Yet when the true health efforts come along, we, as a society, tend to discount them, or worse, ridicule them, particularly if they want to charge so that they can make a living, too.

I've come to the conclusion that the reason most people don't become healthier is simply because they don't want to.

Ara Pacis
2008-Dec-18, 01:30 AM
Another reason why I'm not sure I want all our eggs in one basket is that each has its built-in shortcomings in their basic model for choosing what lines of research deserve how much support.

Companies certainly are driven by profit motive, so they're less likely to spend money on things that don't promise a substantial return on investment. However, government agencies are driven by politics so their funding allocation is going to be influenced by the vicissitudes of popular opinion. Aside from the obvious ethical controversies where government research funding gets used as a football, there are also examples like the United States' National Center for Complimentary and Alternative Medicine, which was established by Congress and (at least in my opinion) represents a woeful misallocation of research dollars.

Sometimes the market buys things based on selfish interest, which is fine for diamond necklaces and sports cars, but less useful for health research. The majority rule of the market mechanism has a tendency to re-research new medicines for existing diseases that are already being treated because it's a proven profit stream, whereas even low funding for rare but fatal diseases may get short shrift because fewer people are affected by them. The potential result: Millions of erections and dozens of dead children.

Some rare diseases don't get much money for research at all, and a cure or treatment might be readily available with a modicum of research. We don't know until we investigate. Maybe we need to explain medical research funding in an apples and oranges kinda of way to better explain the discrepancy. How about: "How many erections is a dead child worth?"

hhEb09'1
2008-Dec-22, 12:30 AM
How about: "How many erections is a dead child worth?"Often the real question that gets asked is, how many highly-skilled-researcher-months per child-month? That does translate, on the front end, into money, but you can see it's a different question.

nauthiz
2008-Dec-22, 04:21 PM
How about: "How many erections is a dead child worth?"

:think: Well, since you can use erections to make replacement children. . .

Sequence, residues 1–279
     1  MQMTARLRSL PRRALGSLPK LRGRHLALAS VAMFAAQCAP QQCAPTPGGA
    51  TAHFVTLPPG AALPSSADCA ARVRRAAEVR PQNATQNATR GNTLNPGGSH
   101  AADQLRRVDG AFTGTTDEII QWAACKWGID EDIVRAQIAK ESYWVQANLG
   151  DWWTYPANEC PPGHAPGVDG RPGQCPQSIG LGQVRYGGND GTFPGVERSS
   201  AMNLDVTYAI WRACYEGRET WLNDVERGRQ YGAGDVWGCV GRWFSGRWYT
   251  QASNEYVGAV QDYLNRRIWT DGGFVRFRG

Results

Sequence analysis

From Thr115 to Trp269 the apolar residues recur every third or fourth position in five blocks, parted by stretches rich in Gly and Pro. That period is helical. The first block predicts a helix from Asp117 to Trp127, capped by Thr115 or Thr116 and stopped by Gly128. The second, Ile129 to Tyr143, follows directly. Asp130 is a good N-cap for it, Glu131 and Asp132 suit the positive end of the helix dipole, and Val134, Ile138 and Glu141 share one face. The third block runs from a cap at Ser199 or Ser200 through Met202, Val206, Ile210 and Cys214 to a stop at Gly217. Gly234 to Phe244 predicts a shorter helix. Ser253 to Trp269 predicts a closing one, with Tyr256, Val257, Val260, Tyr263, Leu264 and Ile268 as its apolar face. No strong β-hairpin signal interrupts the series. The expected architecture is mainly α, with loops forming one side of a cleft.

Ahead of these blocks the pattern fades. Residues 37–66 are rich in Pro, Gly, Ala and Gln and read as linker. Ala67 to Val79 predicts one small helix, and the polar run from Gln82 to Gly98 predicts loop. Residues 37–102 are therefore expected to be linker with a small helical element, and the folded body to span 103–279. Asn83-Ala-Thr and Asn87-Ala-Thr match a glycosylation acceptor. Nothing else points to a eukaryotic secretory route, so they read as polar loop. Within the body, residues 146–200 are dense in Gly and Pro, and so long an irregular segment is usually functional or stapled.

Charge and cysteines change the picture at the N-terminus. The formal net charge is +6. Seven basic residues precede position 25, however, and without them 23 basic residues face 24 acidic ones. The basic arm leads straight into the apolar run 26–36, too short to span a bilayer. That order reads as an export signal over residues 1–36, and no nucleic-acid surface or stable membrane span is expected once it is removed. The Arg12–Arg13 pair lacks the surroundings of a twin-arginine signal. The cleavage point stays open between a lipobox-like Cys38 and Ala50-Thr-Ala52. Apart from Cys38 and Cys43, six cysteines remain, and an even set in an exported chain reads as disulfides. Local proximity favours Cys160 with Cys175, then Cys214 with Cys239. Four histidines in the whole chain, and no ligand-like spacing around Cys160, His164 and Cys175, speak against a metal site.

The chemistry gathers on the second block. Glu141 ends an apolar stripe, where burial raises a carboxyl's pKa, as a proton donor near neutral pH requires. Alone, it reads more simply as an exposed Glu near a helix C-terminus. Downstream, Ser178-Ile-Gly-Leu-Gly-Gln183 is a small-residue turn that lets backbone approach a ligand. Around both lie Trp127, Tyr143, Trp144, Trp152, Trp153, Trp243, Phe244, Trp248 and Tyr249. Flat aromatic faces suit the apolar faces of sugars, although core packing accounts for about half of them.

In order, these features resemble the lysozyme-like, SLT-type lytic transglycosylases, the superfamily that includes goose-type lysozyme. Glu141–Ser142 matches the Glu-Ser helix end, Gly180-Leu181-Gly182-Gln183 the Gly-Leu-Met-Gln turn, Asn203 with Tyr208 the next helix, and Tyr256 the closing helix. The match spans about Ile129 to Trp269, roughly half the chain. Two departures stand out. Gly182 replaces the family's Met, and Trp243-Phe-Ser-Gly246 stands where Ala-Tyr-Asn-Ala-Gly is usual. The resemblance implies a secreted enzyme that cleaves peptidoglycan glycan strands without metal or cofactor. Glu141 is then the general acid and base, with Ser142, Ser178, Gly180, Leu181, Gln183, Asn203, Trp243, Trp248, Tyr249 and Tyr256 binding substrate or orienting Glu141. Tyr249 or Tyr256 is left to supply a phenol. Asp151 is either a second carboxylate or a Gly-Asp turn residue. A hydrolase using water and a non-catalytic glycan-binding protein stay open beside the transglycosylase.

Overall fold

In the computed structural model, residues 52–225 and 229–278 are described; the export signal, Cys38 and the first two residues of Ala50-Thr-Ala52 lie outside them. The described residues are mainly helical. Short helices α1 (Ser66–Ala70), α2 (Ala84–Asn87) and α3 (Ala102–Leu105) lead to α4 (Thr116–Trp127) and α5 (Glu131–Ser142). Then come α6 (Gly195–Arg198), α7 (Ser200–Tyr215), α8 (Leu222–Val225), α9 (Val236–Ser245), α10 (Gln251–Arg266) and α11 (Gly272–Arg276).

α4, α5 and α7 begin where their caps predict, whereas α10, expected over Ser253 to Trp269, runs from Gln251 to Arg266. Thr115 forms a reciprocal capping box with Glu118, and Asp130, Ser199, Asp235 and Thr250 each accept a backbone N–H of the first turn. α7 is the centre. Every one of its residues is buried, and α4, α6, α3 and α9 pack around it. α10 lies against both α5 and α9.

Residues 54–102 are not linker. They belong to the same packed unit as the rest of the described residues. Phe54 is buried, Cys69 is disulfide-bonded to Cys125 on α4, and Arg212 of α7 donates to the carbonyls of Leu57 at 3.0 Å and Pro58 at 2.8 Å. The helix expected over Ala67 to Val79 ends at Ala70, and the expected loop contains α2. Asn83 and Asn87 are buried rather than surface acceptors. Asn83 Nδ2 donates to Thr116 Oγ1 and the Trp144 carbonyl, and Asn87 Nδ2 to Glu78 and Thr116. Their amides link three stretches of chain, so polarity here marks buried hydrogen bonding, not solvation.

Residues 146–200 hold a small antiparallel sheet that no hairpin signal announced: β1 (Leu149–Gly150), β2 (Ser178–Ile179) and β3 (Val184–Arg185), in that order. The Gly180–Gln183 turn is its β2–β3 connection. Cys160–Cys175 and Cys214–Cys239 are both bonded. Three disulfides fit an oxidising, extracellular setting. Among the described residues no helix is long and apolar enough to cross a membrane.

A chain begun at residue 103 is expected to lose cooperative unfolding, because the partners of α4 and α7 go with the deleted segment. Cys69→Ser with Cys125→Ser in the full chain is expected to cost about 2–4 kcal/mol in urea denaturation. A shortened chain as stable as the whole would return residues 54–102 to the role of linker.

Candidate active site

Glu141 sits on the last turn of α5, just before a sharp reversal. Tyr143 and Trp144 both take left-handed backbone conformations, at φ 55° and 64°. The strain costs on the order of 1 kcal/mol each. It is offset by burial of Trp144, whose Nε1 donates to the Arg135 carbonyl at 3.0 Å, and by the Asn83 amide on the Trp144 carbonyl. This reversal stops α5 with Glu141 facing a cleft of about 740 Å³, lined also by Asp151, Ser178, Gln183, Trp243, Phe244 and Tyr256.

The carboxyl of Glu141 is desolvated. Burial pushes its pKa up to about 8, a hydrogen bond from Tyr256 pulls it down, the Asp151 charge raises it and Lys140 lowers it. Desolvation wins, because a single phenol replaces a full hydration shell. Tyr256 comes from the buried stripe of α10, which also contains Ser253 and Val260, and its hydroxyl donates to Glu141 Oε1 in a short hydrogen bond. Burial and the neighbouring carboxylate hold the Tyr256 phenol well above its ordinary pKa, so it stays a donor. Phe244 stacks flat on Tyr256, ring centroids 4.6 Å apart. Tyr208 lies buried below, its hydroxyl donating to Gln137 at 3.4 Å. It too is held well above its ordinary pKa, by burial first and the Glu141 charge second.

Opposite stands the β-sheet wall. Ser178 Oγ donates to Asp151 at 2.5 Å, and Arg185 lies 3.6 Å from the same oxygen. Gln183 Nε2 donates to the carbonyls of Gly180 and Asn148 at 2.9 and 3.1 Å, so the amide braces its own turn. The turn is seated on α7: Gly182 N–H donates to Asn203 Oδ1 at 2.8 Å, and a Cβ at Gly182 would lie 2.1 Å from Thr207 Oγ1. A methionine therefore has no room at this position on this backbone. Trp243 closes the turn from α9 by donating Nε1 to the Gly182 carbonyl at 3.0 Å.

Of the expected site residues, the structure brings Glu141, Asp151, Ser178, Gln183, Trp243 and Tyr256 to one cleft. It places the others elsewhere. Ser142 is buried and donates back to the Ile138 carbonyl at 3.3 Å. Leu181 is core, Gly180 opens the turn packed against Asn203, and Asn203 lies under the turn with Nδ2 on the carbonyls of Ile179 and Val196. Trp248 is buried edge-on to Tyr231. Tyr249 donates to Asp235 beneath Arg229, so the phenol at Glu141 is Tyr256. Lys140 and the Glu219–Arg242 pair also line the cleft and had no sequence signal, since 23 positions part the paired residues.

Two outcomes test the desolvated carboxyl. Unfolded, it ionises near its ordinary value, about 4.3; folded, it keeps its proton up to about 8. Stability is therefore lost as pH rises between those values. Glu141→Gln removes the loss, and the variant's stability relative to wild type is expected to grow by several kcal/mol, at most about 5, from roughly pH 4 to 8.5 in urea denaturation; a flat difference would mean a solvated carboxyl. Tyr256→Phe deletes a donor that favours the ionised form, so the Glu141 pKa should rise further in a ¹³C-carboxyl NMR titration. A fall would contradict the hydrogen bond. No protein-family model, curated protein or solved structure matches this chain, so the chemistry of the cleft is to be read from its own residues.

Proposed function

jfribrg
2008-Dec-22, 09:33 PM
A few years ago I took a University Physics class at a local college. Most of the students were typical college age (18-21 or so), but then there was me a 30-something student. He was a practicing lawyer who needed a whole bunch of science courses before he could pass his patent bar exam. I don't think this proves any point, but I mention it since it is relevant to the discussion.

Demigrog
2008-Dec-23, 03:28 PM
Heh, the company I work for is updating our internal software for filing patent disclosures. To encourage us to beta test, they're having a contest for most insane patent disclosure, with a gift card as a prize. I submitted "Method and System for annihilation of the Earth-Moon System" and described the Super Monkey Collider (http://www.bautforum.com/off-topic-babbling/79613-super-monkey-collider-loses-funding.html#post1335834).

I just hope they don't accidentally cross the beta database with the real one; I'd hate to have to defend that one to our IP review board.

HenrikOlsen
2008-Dec-23, 03:34 PM
I would have tried 'A new "no skill required" method for descending from the upper branches of arboreal growths" aka falling out of trees.

tdvance
2008-Dec-23, 03:41 PM
I wonder if Douglas Adams could patent: "to fly--fall and miss the ground" --then sue every space-walker for royalties.

nauthiz
2008-Dec-23, 04:03 PM
Considering Sputnik 1 was launched when he was 5 years old, I think he might run afoul of the whole prior art thing.

TheHalcyonYear
2008-Dec-23, 05:56 PM
It seems to me that the attorneys are essential to make sure that an inventor's rights are protected. However, I strongly believe that scientists and engineers should have a voice in what submissions are actually "new and inventive" and qualify for patent protection.

BioSci
2008-Dec-23, 06:38 PM
It seems to me that the attorneys are essential to make sure that an inventor's rights are protected. However, I strongly believe that scientists and engineers should have a voice in what submissions are actually "new and inventive" and qualify for patent protection.

Yes, and that is why patent examiners are required to have technical backgrounds to help them understand the technology behind patent applications.
However, the USPTO, like patent offices in other countries, sets a low standard for technical "validity" or value. Most examination effort is spent on determining if the claimed invention is new and not obvious based on prior art.
Whether this is desirable can be debated - having a low technical threshold means that a negative opinion of the technology from a patent examiner is less likely to wrongly prevent the approval of an otherwise "unexpectedly correct" invention being granted a patent.
After all, a patent is not a certification that an invention actually works or even that the patent holder is allowed to practice the invention. A patent is only a "negative right" in that it allows the holder to stop others from practicing the claimed invention, but if the claimed invention does not work well, or is useless - no one will want to practice it anyway! :)